Pharma companies GSK, Sanofi and Takeda will partner with research communities from the Agency for Science, Technology and Research (A*STAR); National University of Singapore (NUS); Nanyang Technological University, Singapore (NTU Singapore) and its innovation and enterprise company, NTUitive; and Singapore Institute of Technology (SIT) to boost Singapore’s biologics manufacturing capabilities.
Their partnership will be formalised through the Biologics Pharma Innovation Programme Singapore (BioPIPS), a consortium initiated by A*STAR with support from the Singapore Economic Development Board (EDB).
BioPIPS seeks to use research and innovation to grow Singapore’s manufacturing capabilities for biologics, which include recombinant therapeutic proteins, and vaccines. Amid the COVID-19 pandemic, biologics and vaccines played a critical role globally in preventing severe disease and saving lives.
The consortium will bring together leading industry experts and Singapore’s research ecosystem to enhance manufacturing productivity, improve operational efficiency and achieve sustainability goals. The consortium ultimately aims to make Singapore’s biologics manufacturing capabilities best-in-class and well-positioned for the introduction of new products and novel manufacturing technologies.
“New opportunities will emerge as the biomanufacturing industry undergoes major changes brought about by the rapid pace of digitalisation, Industry 4.0, and the need for greater sustainability. As Singapore makes biopharma production a priority area in its Research, Innovation and Enterprise 2025 Plan, A*STAR aims to contribute our R&D capabilities through BioPIPS to help make the local biomanufacturing industry become more agile and better positioned to benefit from new products and technologies,” said Professor Lim Keng Hui, Assistant Chief Executive, Science and Engineering Research Council, A*STAR.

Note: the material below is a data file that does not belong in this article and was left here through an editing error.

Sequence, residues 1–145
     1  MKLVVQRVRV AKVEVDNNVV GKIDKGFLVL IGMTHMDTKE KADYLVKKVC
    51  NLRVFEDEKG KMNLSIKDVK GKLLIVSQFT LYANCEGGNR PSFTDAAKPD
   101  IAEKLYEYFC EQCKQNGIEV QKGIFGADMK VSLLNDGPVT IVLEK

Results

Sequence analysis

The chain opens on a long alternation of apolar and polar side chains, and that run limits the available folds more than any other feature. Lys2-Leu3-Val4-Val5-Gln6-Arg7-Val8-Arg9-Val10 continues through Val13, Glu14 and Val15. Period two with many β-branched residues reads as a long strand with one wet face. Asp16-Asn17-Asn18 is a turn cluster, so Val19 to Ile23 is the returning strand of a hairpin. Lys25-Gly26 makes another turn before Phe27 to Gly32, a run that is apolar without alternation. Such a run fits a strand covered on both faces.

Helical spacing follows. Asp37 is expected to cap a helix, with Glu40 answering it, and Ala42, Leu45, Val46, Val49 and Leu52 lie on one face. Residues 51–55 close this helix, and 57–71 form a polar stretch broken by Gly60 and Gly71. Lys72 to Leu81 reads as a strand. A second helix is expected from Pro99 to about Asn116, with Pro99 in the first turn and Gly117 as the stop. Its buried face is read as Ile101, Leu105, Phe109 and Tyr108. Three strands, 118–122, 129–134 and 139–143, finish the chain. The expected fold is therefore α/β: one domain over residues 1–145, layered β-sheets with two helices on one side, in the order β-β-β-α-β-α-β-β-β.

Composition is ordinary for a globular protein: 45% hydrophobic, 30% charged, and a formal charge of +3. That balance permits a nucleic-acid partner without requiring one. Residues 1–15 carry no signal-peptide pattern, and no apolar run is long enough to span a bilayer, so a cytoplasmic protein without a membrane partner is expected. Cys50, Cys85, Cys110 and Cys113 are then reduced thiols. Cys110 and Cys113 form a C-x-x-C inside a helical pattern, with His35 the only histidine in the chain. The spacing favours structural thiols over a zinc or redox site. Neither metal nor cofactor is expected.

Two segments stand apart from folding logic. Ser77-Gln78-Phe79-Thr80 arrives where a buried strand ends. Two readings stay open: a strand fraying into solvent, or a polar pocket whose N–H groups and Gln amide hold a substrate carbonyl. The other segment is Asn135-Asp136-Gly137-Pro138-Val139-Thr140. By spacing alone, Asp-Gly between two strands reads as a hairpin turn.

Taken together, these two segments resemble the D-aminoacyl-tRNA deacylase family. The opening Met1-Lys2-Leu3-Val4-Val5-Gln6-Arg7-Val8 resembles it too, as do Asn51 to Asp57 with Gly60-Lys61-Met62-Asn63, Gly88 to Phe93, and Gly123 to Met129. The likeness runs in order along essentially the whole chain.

“Riding on the success of PIPS, BioPIPS aims to enhance Singapore’s innovation capabilities in biologics and vaccines manufacturing by leveraging the strengths of our leading pharmaceutical companies and institutes of higher learning. The programme will develop highly productive, sustainable and advanced production technologies and solutions. We look forward to deepening partnerships with like-minded companies to strengthen Singapore’s position as a global biopharma manufacturing hub,” said Mr Tan Kong Hwee, Executive Vice President, EDB.
Specifically, BioPIPS will have three workstreams.
- The Sensing and Modelling workstream aims to harness machine learning and mechanistic modelling technologies, together with smart sensors, to enable simplified and faster workflows. Data analytics will enable the effective translation of process knowledge gained into performance improvements, which in turn benefits the overall manufacturing process.
- The Sustainability workstream focuses on tackling sustainability challenges in biologics and vaccines manufacturing, which typically utilises single-use (disposable) equipment due to the extremely sterile environment needed for product purity. This workstream will explore the use of novel materials and circular economy approaches to address this challenge, as well as models to promote more sustainable and resilient supply chains.
- The Compliant Agility workstream focuses on the removal of manual tasks to achieve greater productivity in the manufacturing facilities while maintaining compliance status, by using solutions like robotics and advanced analytics.
BioPIPS is in line with Singapore’s Manufacturing 2030 vision, which aims to anchor leading manufacturing activities to grow the country’s manufacturing value-add by 50 per cent from 2020. The solutions developed through BioPIPS will also enhance Singapore’s capabilities to meet the growing global demand for biologics and vaccines, as well as equip pharmaceutical companies here with the resources to scale up and respond more rapidly to future pandemics.